Why YOU should WANT a Peacock, Too!
I want a peacock. I mean, I know I want one, but I don’t just want to go buy one willy-nilly and then end up not knowing how to care for it, or worse, having him fly off and never come back.
So, I need to know more about peacocks, and peahens and such and decided our readers could benefit from the same information. So here it is, the things you need to about peafowl, BEFORE you fork over the cash.
So, why own peafowl? Well, I want a peacock, specifically, because I love the beauty of the bird and I want my friends and neighbors, especially neighborhood kids, to stop by and see him. Maybe they will want one for themselves someday, thereby sharing the beauty of poultry, as Purely Poultry always strives to do. However, I needed more of a reason than looks to decide on a Peacock, so I considered the bird’s usefulness. Peafowl (a term used to encompass peacocks, peahens, and peachicks), are good alert birds that will let you know if there are intruders. THIS alarm-sounding that would help keep my flock of duckies safe is what sold me. I had a flock of birds taken out by a predator last winter and need a good “guard bird” that will warn me of such predators in the future. I don’t want an aggressive bird, so some other varieties of watchdog birds were out of the running. I love the call of the peafowl, which is similar to that of “Kevin” on Disney’s animated movie “Up.” So, now that I can use him, and explain to my husband why we NEED a peacock, what kind of work will this guy need to be happy and healthy?
My first concern was how to house the peafowl. So, I researched and found that some of the most reputable peafowl breeders use a setup that is similar to that of a what you might expect to see at a dog kennel but has a few specifics that need consideration.
The best peafowl pens, generally speaking, run in 10 or 12-foot squares with a shed or a shelter attached to one end of the pen. A breeding trio, however, will require a flight pen that is 20 feet long, at least 6 feet high, and are wide enough for the peacock to flaunt those remarkable tail feathers. The shed, if possible, should face south with the pen situated in front. Purely Poultry always recommends using treated lumber and galvanized tin for rot and rust prevention and to keep the birds safe. Peafowl can and will fly, so the pen needs a top. I will make the top from 1″ poultry netting, 2″ nylon netting, or 2″x4″ wire, as my sources say any of these are good.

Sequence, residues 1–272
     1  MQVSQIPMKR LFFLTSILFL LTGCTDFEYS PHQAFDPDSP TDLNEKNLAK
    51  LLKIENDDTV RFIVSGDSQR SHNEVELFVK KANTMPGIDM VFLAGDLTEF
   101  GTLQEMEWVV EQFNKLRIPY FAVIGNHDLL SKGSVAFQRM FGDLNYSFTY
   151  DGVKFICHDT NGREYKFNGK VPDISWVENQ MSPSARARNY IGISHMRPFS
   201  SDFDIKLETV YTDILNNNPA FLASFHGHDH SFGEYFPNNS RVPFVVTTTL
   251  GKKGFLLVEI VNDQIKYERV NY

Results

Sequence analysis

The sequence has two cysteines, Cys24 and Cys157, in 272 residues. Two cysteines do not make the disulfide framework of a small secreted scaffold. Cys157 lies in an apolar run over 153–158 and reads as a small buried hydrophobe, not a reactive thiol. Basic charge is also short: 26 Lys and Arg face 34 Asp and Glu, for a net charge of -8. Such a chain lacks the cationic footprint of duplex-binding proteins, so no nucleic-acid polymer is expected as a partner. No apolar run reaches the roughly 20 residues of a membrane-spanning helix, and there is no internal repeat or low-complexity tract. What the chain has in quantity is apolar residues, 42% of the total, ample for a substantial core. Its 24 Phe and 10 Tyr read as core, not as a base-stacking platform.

It is also recommended to have a gate in the front of the pen that is large enough to accommodate a wheelbarrow or similar wagon that will be used for cleaning the pens.
Speaking of cleaning, bedding for the bottom of the pens and shelters can be sand, tree bark, pine shavings, hay, straw, or other similar product. Purely Poultry does recommend the pine shavings.
Remember that peafowl do roost, rooftops being their favorite from what I hear, and since we’ve eliminated the rooftops with a pen cover, it’s going to be necessary to add a roost. To protect their feet from frostbite, they need a perch wide enough to keep their feet flat. The roosting bar, or roost, can be made with a 2×4 piece of lumber, or something similar. Four feet above the floor is about the right height. We don’t need them skimming their beautiful wings or tails along the roof or floor when roosting, which is also why their watering and feeding devices should NOT be hung from the ceiling, as broken wings can occur if the bird accidentally hits the rope or wire that the feeder is hanging from while in flight.
An important thing to note here is that I’ve heard many a horror story of a freshly purchased peacock or peahen flying off and not returning. To minimize this, keep your peafowl penned for at least four months after purchase. This will help to establish a home-base for them to know where to return. Additionally, if you allow just one bird out at a time, usually the male first with the female remaining penned, the free bird will come back at the call of the one still penned.
So, now that we know how to house the new lovelies, what do we do to ensure they eat, live, and prosper? Well, we feed them, of course, but what? Well, baby peafowl, peachicks, have a tougher time eating feed, so it’s said that starting them on smashed, cooked eggs or cottage cheese is a good trick, but just for a few days. After that, a good game bird or turkey starter of 28-30% protein for six weeks and then gamebird maintenance or grower feed. So, for my purposes, a standard gamebird feed will suffice. I’ll give them treats such as leftover garden greens, cracked corn, sunflower seeds, and mealworms, too. The other consideration with peafowl is that they are prone to internal parasites, so adding an effective wormer to their water every six months is a must.
With all this info, the only thing left to do is make a shopping list and then enjoy my birds! I’ll include my list below and then get busy picking the color that I like the best. Ugh! I can’t wait to have my very own Kevin in my backyard. Are you ready to get yours yet?
My shopping list for Peafowl Protection:
- 4×4 treated landscape timbers for corner posts
- 2×4 treated lumber for framing and roosts
- 1″ poultry netting for top and sides of pen
- Galvanized tin for gate, divider, and shelter
- 2 1/2 gallon feeder, not suspended
- 3 gallon waterer
- 28% protein gamebird feed
Do you raise your own mealworms?
I’m considering it for my flock, but it seems like a challenge. I’m also considering Superworms.